Demonetisation effect: Himachal narcotics trade hit hard, peddlers hunt for cash
Narcotics peddlers in Himachal Pradesh are reeling under the impact of demonetisation and finding it difficult to sell their stock in the absence of higher-value currency, according to officials in charge of cracking down on the illegal trade.
What’s more, some peddlers have apparently been forced to look at using the banking machinery and even making online payments, while trying not to attract attention.
Incidentally, demonetisation has closely followed the state’s annual drive against the drug trade. Since the launch of the drive in September, the government has destroyed more than 35 million psychoactive plants grown across nearly 30,000 bighas of land.
“There is a lull in narcotics trade in Himachal since the demonetisation move. Peddlers are busy exchanging old currency bills for new ones. Some of them are also making online payments,” said Kaustav Sharma, Regional Director of the Narcotics Control Bureau, Chandigarh. “There is no data to analyse it, but our sources say peddlers are busy converting money. There are reports that some of them are investing in properties.”
Sharma added, “Recently we apprehended two persons from banks when they were trying to cash cheques given to them by drug peddlers.” He declined to share details of the operations.
Police corroborated witnessing a decline in the narcotics trade. “It’s difficult to assess the impact since it’s all illegal, but demonetisation has had an impact,” said Padam Chand, superintendent of police, Kullu. “The drug detection rate is the same as before demonetisation, but quantity of seizure from peddlers now is much less.”
Kullu’s BJP legislator Maheshwar Singh, scion of the erstwhile Kullu dynasty, said, “Demonetisation has had its impact on the prices of locally produced charas (name given to the hashish form of cannabis). Peddlers are finding it difficult to sell their stock as new currency is limited. I have told people of Malana village to deposit their savings in the bank.”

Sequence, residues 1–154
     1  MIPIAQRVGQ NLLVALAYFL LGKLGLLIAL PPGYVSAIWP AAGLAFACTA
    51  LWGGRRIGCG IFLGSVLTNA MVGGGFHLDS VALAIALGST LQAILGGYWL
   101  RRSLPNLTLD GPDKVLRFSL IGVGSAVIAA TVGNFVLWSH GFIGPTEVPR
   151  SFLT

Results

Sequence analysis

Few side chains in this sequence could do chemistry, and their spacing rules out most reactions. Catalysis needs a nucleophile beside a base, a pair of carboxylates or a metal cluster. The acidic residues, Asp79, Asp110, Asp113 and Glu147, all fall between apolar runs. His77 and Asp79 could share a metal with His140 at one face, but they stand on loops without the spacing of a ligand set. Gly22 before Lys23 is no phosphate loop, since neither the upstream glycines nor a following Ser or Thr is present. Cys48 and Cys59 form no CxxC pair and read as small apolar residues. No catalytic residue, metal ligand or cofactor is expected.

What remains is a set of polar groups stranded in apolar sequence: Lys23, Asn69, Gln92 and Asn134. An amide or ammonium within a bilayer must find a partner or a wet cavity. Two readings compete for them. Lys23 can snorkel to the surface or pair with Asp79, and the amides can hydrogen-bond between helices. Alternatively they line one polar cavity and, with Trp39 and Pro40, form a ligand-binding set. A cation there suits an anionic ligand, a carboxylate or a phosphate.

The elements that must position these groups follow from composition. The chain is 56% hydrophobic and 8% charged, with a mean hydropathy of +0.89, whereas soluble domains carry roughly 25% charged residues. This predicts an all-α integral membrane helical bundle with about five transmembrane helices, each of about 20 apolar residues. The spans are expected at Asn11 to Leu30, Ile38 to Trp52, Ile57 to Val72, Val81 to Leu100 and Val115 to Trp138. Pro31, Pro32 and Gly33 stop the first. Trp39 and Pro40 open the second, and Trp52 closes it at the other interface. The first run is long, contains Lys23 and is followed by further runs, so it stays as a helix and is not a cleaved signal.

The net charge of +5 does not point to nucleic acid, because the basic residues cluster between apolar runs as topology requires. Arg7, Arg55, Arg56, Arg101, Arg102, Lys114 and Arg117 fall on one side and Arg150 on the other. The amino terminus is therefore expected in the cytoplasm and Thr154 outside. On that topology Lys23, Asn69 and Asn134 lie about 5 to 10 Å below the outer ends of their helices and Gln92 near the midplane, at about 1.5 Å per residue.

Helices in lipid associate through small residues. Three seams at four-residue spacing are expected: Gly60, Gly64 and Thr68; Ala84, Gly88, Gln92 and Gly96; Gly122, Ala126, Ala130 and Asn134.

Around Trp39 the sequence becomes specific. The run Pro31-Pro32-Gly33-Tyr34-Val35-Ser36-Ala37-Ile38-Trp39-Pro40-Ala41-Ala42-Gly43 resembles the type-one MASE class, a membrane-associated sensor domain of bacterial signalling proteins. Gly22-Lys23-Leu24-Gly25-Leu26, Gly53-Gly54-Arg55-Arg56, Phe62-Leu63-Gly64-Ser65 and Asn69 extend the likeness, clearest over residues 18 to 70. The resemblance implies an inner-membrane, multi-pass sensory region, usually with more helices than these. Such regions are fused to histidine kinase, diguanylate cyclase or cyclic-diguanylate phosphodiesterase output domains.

Malana village in Kullu is famous for its high-quality charas produce, Malana Cream, which won the world’s best hashish title twice at a cannabis festival held by a magazine. But Malana residents are reluctant to talk about charas or drug money.
“Whatever money we have is being deposited in the bank,” said Bhagi Ram, head of Malana panchyat. “Since the nearest bank from the village is 35 km away, people usually keep money with themselves,” he added, steering clear of any talk about drug money.
The valleys of Kullu, famous for natural splendour, are also notorious for cannabis cultivation. “Apart from Kullu and Manali, Kasol and Sainj have emerged as new trading centres for selling charas,” said Sharma.
Agencies involved in anti-drug campaign value the annual drug trade in the state at Rs 2,000 crore, while insisting that it is a conservative estimate.
Kullu and Manali towns have gained notoriety for drug peddling backed by international cartels. During the drive against drug trade this year, police came across cannabis plants unlike any they had seen. “In some places, the cannabis plants were more than 12-ft high. It was unusual. Indian cannabis does not grow to this extent,” said deputy inspector general of police (crime) Vinod Dhawan, who was once the district police chief of Kullu.
Police believe locals dabbling in the trade cultivated hybrid seeds brought in by foreigners.
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